You are here: Home Contents V3 N3 V3N3_Beebe.html
Personal tools

A Model for Predicting Hacker Behavior



Full text

Journal of Information Systems Security
Volume 3, Number 3 (2007)
Pages 320
ISSN 1551-0123 (Print)
ISSN 1551-0808 (Online)
Nicole Lang Beebe — The University of Texas at San Antonio, USA
Jan Guynes Clark — The University of Texas at San Antonio, USA
Information Institute Publishing, Washington DC, USA




Unauthorized access to information systems (hacking) continues to plague businesses. Researchers have sought to characterize the motivation and “profile” of various types of hackers in an attempt to better understand their behavior and improve the defensive posture of businesses. Little research, however, has been conducted toward the development of a predictive model to categorize individuals as hackers or potential hackers. Doing so would help target scarce educational and investigative resources. The present study utilizes existing theory in an attempt to empirically develop a discriminant model to categorize an individual’s likelihood of engaging in illegal hacking behavior. The independent variables considered include age, gender, education level, professional status, and personal moral philosophy (Forsyth 1980). The dependent variable is behavior (measured by willingness to hack), mediated by attitude toward hacking. The empirical results reconfirm that demographic variables influence one’s willingness to hack. Personal moral philosophy, as indicated by one’s idealism and relativism, emerged as a significant predictor of one’s attitude toward the ethicality of hacking.




Hackers, Discriminant Analysis, Multinomial Logistic Regression, Personal Moral Philosophy, Ethics, Hacker Profile




Anonymous. (2007) “Newly Nasty; Cyberwarfare,” The Economist, 26 May, 2007.

Arief, B. and Besnard, D. (2003) “Technical and Human Issues in Computer-Based Systems Security”, Report No. CS-TR 790, University of Newcastle upon Tyne, Newcastle, UK, pp. 1-17.

Austin, R. D. and Darby, C. A. R. (2003) “The Myth of Secure Computing,” Harvard Business Review, June: 120-128.

Chantler, N. (1996) “The Profile of a Computer Hacker,” in Infowar, Florida.

Denning, D. (1998) Information Warfare & Security, Addison-Wesley, Reading.

Dhillon, G. and Backhouse, J. (2001) “Current Directions in IS Security Research: Towards Socio-Organizational Perspectives,” Information Systems Journal, 11:127-153.

Ellis, T. S. and Griffith, D. (2001) ”The Evaluation of IT Ethical Scenarios Using a Multidimensional Scale,” The DATA BASE for Advances in Information Systems, 32:75-85.

Fishbein, M. and Azjen, I. (1975) “Belief, Attitude, Intention, and Behavior: An Introduction to Theory and Research,” Addison-Wesley, MA.

Forsyth, D. R. (1980) ”A Taxonomy of Ethical Ideologies, Journal of Personality and Social Psychology,”  39:175-184.

Goode, S. and Cruise, S. (2006) “What Motivates Software Crackers?,” Journal of Business Ethics 65(2): 173-201.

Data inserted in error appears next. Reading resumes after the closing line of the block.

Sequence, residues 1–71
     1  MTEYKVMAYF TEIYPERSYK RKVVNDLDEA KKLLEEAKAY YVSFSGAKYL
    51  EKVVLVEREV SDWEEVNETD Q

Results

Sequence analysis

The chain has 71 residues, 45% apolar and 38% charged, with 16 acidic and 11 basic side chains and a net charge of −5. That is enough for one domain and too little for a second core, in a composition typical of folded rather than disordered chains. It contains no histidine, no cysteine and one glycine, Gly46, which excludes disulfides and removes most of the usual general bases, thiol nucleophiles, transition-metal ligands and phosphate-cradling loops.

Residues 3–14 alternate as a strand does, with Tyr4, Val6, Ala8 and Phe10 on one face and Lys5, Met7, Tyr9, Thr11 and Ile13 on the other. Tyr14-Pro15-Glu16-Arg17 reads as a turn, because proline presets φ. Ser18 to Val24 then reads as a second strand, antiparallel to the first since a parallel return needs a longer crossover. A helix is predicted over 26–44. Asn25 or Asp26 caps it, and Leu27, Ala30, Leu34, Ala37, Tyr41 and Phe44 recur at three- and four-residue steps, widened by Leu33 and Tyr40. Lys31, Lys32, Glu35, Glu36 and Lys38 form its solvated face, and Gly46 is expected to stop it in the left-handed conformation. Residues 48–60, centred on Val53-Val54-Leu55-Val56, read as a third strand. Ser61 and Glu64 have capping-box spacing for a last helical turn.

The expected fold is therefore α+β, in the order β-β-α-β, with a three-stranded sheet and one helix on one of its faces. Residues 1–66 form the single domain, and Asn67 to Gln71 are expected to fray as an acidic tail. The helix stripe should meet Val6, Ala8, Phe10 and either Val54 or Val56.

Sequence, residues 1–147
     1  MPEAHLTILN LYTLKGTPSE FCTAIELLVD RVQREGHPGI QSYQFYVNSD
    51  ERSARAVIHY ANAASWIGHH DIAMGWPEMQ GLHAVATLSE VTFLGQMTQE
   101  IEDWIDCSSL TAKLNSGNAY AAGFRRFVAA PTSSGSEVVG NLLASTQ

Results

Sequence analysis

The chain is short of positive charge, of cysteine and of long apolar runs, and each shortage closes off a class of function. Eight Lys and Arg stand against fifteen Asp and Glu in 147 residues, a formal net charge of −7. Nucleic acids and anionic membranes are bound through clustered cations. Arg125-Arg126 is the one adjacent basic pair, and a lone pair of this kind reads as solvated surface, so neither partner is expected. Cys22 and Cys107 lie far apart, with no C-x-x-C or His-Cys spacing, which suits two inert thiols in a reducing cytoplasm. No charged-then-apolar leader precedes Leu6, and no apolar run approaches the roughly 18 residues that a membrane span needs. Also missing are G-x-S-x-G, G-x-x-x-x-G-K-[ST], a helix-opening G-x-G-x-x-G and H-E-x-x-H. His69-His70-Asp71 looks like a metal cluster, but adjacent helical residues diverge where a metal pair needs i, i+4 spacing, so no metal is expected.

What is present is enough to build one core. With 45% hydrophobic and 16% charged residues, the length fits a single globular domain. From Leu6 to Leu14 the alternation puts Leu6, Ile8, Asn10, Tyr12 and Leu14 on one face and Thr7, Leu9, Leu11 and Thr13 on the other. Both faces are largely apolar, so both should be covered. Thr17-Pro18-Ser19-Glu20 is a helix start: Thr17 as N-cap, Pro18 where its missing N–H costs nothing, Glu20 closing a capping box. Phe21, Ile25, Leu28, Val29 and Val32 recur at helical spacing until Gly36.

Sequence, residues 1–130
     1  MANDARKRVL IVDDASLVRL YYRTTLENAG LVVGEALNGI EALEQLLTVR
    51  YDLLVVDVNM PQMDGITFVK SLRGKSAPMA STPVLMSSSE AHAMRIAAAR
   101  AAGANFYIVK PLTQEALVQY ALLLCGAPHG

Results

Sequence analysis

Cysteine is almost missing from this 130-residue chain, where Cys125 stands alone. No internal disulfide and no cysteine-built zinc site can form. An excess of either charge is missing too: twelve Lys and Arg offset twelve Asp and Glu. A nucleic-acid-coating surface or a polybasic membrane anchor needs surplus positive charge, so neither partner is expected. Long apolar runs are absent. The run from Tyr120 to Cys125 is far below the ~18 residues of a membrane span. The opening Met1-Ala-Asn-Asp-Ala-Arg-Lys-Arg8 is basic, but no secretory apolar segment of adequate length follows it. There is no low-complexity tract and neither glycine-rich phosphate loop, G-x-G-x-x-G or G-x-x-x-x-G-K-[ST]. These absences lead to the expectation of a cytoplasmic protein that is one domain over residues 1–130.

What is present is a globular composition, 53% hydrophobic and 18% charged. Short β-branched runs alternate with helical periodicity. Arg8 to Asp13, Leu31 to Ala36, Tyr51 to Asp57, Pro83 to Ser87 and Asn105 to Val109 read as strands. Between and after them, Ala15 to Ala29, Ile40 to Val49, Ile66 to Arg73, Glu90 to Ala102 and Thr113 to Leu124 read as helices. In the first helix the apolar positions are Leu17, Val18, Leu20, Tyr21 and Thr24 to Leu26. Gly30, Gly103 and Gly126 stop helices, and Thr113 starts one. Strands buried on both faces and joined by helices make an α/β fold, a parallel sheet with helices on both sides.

Harrington, S. J. (1996) “The Effects of Codes of Ethics and Personal Denials of Responsibility on Computer Abuse Judgments and Intentions,” MIS Quarterly, 20:257-278.

Hollinger, R. (1988) “Computer Hackers Follow a Guttman-Like Progression,”  Social Sciences Review, 72:199-200.

Jones, T. M. (1991) “Ethical Decision Making by Individuals in Organizations: An Issue-Contingent Model,” Academy of Management Review, 16:231-248.

Landreth, B. (1985) Out of the Inner Circle, Microsoft Books, Redmond, WA.

Leonard. L. N. K., Cronan, T. P., and Kreie, J. (2004) “What Influences IT Ethical Behavior Intentions – Planned Behavior, Reasoned Action, Perceived Importance, or Individual Characteristics?,” Information & Management, 42: 143-158.

Loe, T. W., Ferrell, L. and Mansfield, P. (2000) “A Review of Empirical Studies Assessing Ethical Decision Making in Business,” Journal of Business Ethics, 25:185-204.

Marshall, K. P. (1999) “Has Technology Introduced New Ethical Problems?,” Journal of Business Ethics, 19:81-90.

Parker, D. (1998) Fighting Computer Crime: A New Framework for Protecting Information, John Wiley & Sons, Inc., New York.

Rogers, M. (1999a) “A New Hacker Taxonomy”, University of Manitoba, Winnipeg. Unpublished Master’s Thesis.

Rogers, M. (1999b) “The Psychology of Hackers: The Need for a New Taxonomy,”

Rubin, R. (1994) “Moral Distancing and the Use of Information Technologies: The Seven Temptations,” Proceedings of the ACM Conference on Ethics in the Computer Age, Gatlinburg, TN, pp. 151-155.

Schlenker, B. R. and Forsyth, D. R. (1977) “On the Ethics of Psychological Research,” Experimental Social Psychology, 13:369-396.

Singhapakdi, A., Vitell, S. J. and Frank, G. R. (1999) “Antecedents, Consequences, and Mediating Effects of Perceived Moral Intensity and Personal Moral Philosophies,” Journal of the Academy of Marketing Science, 27:19-35.

Sykes, G. M. and Matza, D. (1957) “Techniques of Neutralization: A Theory of Delinquency,” American Sociological Review 22(6) 664-670.

Trevino, L. K. (1992) “Moral Reasoning and Business Ethics: Implications for Research, Education and Management,” Journal of Business Ethics, 11(5-6):445-464.